London, United Kingdom (PressExposure) February 21, 2012 -- There are various instruments and concepts for trade financing which are already well known in international banking practice and are actively applied. They are an indispensable part of foreign trade. Contractual partners in foreign trade have the option of applying international rules and trade customs in clearing transactions, in particular: the standard guidelines and customs for documentary letters of credit and standard guidelines for payment guarantees. The banking systems makes it possible for importers to use trade financing tools not only as a means of accounting for contracts, but also to use it as a means of procuring cheaper, and more long-term, foreign borrowed funds for the financing of import transactions and the development of business.
The primary tools for short-term trade financing are:
documentary letters of credit.
In the case of long-term trade financing, additional insurance guarantees of Western export credit agencies are employed.
It is important to mention that trade financing opens up additional options to each of the parties in addition to economic benefits. The importer is provided with the option of financing and assuming long-term foreign trade relations, the exporter receives a guaranteed and timely payment from the transaction (in the event all parties observe the contractual conditions) and the banks extend their cooperation in the international banking market, and thus promote foreign trade relationships between their countries.
The different options for the application of various trade financing tools comprise a complex system of mutual commitments which arise between the importer, the exporter and the banks involved. The selection of a specific tool, or concept, for trade financing depends on a lot of factors, among other things upon how the transaction is constructed overall, and to what extent this is acceptable for the bank involved. The effectiveness of the use of various financing concepts, and the amount of risk for the parties, depends upon the scale of the adaptation of the selected tools of international trade financing within the legislation of the countries and banks involved. For this reason not only a financial, but also a legal analysis of the system, selected by the parties is of great significance.
A bank guarantee is an abstract payment commitment of a credit institution, or a bank, in the event that certain requirements are fulfilled. The bank assumes a guarantee that certain circumstances have arisen. In the case of a bank guarantee this can be a possible profit or also a loss, which arises or also does not arise. This means that the bank steps in if a beneficiary from the guarantee suffers a loss because either a negative or disadvantageous event has arisen or a desired profit has not arisen. The bank is obliged to pay upon demand if it is claimed on from the bank guarantee.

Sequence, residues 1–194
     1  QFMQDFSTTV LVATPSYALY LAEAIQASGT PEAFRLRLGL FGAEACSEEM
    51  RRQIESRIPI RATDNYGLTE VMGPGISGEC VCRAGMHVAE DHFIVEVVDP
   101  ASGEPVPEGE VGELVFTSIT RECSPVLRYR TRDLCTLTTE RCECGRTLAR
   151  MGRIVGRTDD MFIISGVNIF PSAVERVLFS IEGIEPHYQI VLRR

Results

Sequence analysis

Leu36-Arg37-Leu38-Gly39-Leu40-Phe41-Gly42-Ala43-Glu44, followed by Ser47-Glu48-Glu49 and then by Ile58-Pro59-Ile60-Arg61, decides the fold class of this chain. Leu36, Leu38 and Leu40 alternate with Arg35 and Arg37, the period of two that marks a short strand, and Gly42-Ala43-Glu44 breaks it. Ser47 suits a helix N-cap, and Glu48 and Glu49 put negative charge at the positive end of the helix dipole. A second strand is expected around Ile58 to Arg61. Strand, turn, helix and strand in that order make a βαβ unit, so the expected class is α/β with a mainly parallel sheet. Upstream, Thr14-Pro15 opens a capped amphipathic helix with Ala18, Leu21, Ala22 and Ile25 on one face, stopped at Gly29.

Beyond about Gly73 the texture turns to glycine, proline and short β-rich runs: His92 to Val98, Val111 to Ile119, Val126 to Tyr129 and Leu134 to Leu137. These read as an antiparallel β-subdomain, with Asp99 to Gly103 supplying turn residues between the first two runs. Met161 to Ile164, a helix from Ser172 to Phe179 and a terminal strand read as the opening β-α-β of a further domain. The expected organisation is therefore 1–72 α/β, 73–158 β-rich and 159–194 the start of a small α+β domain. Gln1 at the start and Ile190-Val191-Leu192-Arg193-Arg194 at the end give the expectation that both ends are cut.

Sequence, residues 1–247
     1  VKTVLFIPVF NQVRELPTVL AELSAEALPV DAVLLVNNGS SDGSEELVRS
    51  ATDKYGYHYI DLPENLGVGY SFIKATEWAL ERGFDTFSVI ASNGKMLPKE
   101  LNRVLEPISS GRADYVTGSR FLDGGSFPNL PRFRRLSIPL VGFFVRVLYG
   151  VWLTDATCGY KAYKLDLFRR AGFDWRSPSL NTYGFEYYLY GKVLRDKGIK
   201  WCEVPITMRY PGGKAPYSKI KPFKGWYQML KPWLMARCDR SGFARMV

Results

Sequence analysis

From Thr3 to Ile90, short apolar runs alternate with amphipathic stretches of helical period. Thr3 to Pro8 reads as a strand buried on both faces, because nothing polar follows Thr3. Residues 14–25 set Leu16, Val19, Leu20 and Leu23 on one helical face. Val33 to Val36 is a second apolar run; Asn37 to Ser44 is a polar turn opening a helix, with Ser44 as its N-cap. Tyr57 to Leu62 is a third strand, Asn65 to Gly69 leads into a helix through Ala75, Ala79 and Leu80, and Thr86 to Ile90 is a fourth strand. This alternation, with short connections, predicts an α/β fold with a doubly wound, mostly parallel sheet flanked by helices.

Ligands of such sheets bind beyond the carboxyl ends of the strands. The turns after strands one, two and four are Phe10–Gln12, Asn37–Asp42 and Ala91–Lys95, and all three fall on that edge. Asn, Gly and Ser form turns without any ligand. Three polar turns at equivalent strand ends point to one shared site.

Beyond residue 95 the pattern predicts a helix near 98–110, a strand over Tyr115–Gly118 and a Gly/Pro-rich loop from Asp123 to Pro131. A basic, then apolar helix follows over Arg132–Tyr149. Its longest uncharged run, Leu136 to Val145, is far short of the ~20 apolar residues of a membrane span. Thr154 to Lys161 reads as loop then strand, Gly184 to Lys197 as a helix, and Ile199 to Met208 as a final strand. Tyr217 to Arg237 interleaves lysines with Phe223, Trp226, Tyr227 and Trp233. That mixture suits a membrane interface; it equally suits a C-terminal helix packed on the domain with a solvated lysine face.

The sense and purpose of a bank guarantee is mainly to hedge itself against the non-fulfilment of contractual obligations or the failure to fulfil them in accordance with agreements and thus against a possible loss, or to cover the risk of the negative course of a business transaction of whatever type. The bank guarantee is not a payment tool but a hedging tool which brokers have enjoyed recommending mainly in the field of foreign trade since the 1950s due to its simple use and relatively low cost, and it is used by traders or project developers.
The forms which are most frequently used are the bid bond, the performance guarantee, the supply guarantee or the payment guarantee.
For the bank, a bank guarantee means an abstract liability as it can basically not raise any objections against its payment obligation which is linked to the business transaction of the foreign trade partners this is based on.
In this context reference is made to the abstractness of the guarantee undertaking. The abstract structuring of the bank guarantee is particularly due to the fact that the bank providing the guarantee is not involved in the legal relationship. In the conflict of interests between the client of the bank guarantee on the one hand, and the beneficiary on the other, concerning the realization of the performances, goals and obligations commercially agreed upon, the bank can only act in accordance with its guarantee conditions.